US4249323A (en) * 1978-06-19 1981-02-10 De Lorean Manufacturing Company Variable wing plow blade and mounting structure therefor
FR2624898A1 (en) * 1987-12-16 1989-06-23 Kubota Ltd Bulldozer apparatus for a construction machine comprising a plurality of cylinders for compensating forces developed during excavation operations, excavation or other
US4854811A (en) * 1987-06-05 1989-08-08 Veys Jeff M Bucket-blade attachment for tractors
US4999022A (en) * 1987-06-05 1991-03-12 Veys Jeff M Bucket-blade attachment for tractors
US6659194B1 (en) 2002-11-22 2003-12-09 Samuel C. Thompson Blade angle adjustment system
US20110067892A1 (en) * 2008-08-04 2011-03-24 Kubota Corporation Dozer Apparatus
US8869911B2 (en) * 2011-06-30 2014-10-28 Alan Anderson Extendable materials blade attachment for a skid steer loader

Cited By (39)

* Cited by examiner, † Cited by third party
Publication number Priority date Publication date Assignee Title
US2444815A (en) * 1943-07-29 1948-07-06 American Geographical Soc Stereoscopic mapping instrument
US2572902A (en) * 1944-05-15 1951-10-30 Electrol Inc Pressure fluid type follow-up servomotor
US2554505A (en) * 1945-12-21 1951-05-29 John F Schneider Bulldozer attachment for tractors
US2536724A (en) * 1946-03-07 1951-01-02 Murray G Clay Unified excavator control system
US2530659A (en) * 1946-03-23 1950-11-21 Glenn L Martin Co Aircraft booster control system
US2649794A (en) * 1946-12-19 1953-08-25 Fred O Wood Bulldozer
US2456320A (en) * 1947-02-24 1948-12-14 Ross Carrier Company Lift truck
US2629946A (en) * 1947-06-06 1953-03-03 Mitchell H Ewers Grading or dozing device
US2565337A (en) * 1948-03-18 1951-08-21 Frederick W Allan Mounting mechanism for bulldozer blades and similar implements
US2681077A (en) * 1948-09-29 1954-06-15 Joyce Cridland Co Actuating apparatus for plural valves controlling vehicle lifts
US2656152A (en) * 1949-01-03 1953-10-20 Jeffrey Mfg Co Truck for drill and mining machines
US2698491A (en) * 1949-11-18 1955-01-04 George H Felt Bulldozer blade stabilizing attachment
US2749630A (en) * 1951-04-19 1956-06-12 Sherlock E Nave Bulldozer blade
US2643356A (en) * 1951-08-20 1953-06-23 Clyde Iron Works Inc Unicontroller system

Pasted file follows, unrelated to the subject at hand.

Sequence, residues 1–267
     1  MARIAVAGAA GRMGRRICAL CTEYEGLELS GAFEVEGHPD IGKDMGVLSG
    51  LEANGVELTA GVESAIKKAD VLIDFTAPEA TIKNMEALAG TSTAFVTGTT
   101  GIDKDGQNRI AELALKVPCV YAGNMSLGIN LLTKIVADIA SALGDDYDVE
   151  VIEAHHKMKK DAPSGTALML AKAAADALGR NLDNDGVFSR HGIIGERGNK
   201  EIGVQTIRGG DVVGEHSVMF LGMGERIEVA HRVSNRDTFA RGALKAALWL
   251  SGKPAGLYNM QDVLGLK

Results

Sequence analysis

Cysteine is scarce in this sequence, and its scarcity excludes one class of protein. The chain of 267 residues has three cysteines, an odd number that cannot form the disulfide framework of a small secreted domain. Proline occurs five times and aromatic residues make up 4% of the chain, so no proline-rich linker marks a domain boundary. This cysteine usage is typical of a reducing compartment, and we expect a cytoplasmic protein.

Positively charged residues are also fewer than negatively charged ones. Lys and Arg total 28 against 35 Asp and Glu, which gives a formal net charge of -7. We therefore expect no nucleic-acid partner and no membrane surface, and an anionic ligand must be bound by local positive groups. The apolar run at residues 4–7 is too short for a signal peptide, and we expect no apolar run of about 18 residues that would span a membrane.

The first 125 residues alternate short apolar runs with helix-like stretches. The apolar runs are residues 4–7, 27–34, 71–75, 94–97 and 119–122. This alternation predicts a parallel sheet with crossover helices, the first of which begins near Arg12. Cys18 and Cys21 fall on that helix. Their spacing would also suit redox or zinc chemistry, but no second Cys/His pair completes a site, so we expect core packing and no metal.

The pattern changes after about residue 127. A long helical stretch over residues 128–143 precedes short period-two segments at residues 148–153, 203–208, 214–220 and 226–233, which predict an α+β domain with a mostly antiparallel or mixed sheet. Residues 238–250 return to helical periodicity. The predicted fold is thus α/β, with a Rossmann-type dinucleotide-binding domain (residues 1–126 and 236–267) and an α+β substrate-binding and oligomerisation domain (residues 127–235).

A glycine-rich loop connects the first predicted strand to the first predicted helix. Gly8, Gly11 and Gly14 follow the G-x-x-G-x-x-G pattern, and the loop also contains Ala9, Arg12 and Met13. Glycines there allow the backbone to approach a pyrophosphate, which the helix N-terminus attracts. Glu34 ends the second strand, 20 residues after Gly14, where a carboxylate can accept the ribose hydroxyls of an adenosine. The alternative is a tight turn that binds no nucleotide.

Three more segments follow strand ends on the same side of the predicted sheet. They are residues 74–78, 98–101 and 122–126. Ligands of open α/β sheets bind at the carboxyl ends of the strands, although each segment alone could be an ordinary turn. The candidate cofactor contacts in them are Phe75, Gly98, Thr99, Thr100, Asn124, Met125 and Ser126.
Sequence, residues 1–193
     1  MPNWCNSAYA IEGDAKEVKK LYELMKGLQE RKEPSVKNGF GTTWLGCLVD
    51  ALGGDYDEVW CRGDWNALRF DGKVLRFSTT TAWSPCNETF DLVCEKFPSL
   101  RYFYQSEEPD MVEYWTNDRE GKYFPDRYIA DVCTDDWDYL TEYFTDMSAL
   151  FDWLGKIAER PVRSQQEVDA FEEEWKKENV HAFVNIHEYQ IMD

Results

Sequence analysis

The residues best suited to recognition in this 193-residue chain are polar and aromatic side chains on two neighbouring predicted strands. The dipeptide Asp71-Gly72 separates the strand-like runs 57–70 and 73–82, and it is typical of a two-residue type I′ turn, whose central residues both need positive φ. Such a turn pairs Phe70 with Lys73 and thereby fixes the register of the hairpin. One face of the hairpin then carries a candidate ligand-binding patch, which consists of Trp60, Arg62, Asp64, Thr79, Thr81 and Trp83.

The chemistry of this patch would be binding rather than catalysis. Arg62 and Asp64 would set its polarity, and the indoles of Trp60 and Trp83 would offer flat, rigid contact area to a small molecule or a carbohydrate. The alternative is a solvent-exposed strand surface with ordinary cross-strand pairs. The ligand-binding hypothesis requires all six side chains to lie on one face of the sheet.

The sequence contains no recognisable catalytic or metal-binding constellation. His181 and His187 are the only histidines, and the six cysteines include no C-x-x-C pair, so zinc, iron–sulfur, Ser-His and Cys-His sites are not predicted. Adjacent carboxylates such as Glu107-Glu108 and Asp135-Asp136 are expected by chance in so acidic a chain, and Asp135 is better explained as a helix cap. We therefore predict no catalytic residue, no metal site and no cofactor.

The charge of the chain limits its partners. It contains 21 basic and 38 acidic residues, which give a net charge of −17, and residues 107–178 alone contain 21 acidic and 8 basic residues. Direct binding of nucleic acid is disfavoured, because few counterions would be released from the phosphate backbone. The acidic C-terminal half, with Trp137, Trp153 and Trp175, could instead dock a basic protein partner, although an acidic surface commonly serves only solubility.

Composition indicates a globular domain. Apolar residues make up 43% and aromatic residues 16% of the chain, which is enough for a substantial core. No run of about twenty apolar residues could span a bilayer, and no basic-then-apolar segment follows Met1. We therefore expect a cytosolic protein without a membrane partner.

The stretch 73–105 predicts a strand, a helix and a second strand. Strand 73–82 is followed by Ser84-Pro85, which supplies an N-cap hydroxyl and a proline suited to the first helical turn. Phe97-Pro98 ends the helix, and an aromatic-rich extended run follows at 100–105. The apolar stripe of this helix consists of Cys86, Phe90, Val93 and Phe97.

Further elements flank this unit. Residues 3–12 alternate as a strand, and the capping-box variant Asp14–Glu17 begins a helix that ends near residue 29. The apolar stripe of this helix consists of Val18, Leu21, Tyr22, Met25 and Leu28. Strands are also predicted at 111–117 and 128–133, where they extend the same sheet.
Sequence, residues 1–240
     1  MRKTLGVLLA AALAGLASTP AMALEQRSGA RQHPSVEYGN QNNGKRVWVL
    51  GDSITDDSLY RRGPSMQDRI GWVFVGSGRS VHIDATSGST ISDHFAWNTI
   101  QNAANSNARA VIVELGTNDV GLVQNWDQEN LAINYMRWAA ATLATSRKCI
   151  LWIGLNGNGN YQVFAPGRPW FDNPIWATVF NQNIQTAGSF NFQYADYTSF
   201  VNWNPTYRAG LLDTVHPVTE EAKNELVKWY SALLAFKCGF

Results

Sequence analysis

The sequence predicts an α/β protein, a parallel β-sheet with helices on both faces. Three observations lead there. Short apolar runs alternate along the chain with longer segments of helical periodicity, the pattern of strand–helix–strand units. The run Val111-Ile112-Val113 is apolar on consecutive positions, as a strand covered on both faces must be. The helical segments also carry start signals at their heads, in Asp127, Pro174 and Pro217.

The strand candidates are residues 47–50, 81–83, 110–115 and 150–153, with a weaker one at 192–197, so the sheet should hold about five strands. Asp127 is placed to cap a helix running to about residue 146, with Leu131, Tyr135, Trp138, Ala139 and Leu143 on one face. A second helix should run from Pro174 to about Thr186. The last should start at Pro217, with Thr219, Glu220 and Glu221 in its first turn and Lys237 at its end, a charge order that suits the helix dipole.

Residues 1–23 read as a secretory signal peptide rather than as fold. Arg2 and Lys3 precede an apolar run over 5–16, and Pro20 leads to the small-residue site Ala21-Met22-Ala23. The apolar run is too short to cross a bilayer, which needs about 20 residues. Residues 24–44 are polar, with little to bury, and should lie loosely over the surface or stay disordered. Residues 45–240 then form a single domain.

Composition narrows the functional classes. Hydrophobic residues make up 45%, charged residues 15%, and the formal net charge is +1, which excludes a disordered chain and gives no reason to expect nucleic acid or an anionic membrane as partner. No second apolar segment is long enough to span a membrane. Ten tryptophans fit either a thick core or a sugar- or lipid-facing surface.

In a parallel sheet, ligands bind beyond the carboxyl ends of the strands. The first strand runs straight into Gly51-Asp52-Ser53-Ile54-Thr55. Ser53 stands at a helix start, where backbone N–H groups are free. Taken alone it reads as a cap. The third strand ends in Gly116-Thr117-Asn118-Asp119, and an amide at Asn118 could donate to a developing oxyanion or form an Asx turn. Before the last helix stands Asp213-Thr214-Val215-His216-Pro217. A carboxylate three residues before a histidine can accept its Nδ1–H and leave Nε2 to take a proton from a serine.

US2792138A (en) * 1953-12-30 1957-05-14 Walter C Olson Earth handling machine
US2909452A (en) * 1956-02-02 1959-10-20 British Thomson Houston Co Ltd Electric contact carbon brush
US2961054A (en) * 1956-05-21 1960-11-22 Howard C Green Hydraulic cultivating tool
US2941365A (en) * 1957-07-23 1960-06-21 Sundstrand Corp Hydraulic transmission
US2942363A (en) * 1958-02-27 1960-06-28 Case Co J I Bulldozer
US3002300A (en) * 1959-04-28 1961-10-03 Caterpillar Tractor Co Bulldozer with laterally adjustable blade
US3083480A (en) * 1960-10-28 1963-04-02 Int Harvester Co Tilt and pitch dozer construction
US3246406A (en) * 1963-06-27 1966-04-19 M R S Mfg Company Bulldozer having a universal blade mounting
US3184869A (en) * 1963-09-30 1965-05-25 Allis Chalmers Mfg Co Dozer hydraulic tilt and pitch control
US3661215A (en) * 1969-02-04 1972-05-09 Massey Ferguson Services Nv Tilting dozer blade
US3487884A (en) * 1969-02-17 1970-01-06 Henry Volberding Bulldozer assembly
US3631930A (en) * 1969-07-07 1972-01-04 Caterpillar Tractor Co Mounting arrangement for bulldozer blades
US3700044A (en) * 1970-09-21 1972-10-24 Allis Chalmers Mfg Co Hydraulic system for controlling bulldozer blade
US3707629A (en) * 1971-08-18 1972-12-26 Cgr Medical Corp Pneumatic power assist apparatus for spot film device
US3795280A (en) * 1972-06-23 1974-03-05 Caterpillar Tractor Co Three-way lever control for hydraulic control circuit
US3897805A (en) * 1972-06-23 1975-08-05 Caterpillar Tractor Co Three-way lever control for actuating a plurality of valves
US4013132A (en) * 1975-01-06 1977-03-22 Mitsubishi Jukogyo Kabushiki Kaisha Device for supporting bulldozer blade
US4249323A (en) * 1978-06-19 1981-02-10 De Lorean Manufacturing Company Variable wing plow blade and mounting structure therefor
US4854811A (en) * 1987-06-05 1989-08-08 Veys Jeff M Bucket-blade attachment for tractors
US4999022A (en) * 1987-06-05 1991-03-12 Veys Jeff M Bucket-blade attachment for tractors
FR2624898A1 (en) * 1987-12-16 1989-06-23 Kubota Ltd Bulldozer apparatus for a construction machine comprising a plurality of cylinders for compensating forces developed during excavation operations, excavation or other
US6659194B1 (en) 2002-11-22 2003-12-09 Samuel C. Thompson Blade angle adjustment system
US20110067892A1 (en) * 2008-08-04 2011-03-24 Kubota Corporation Dozer Apparatus
US8678103B2 (en) * 2008-08-04 2014-03-25 Kubota Corporation Dozer apparatus
US8869911B2 (en) * 2011-06-30 2014-10-28 Alan Anderson Extendable materials blade attachment for a skid steer loader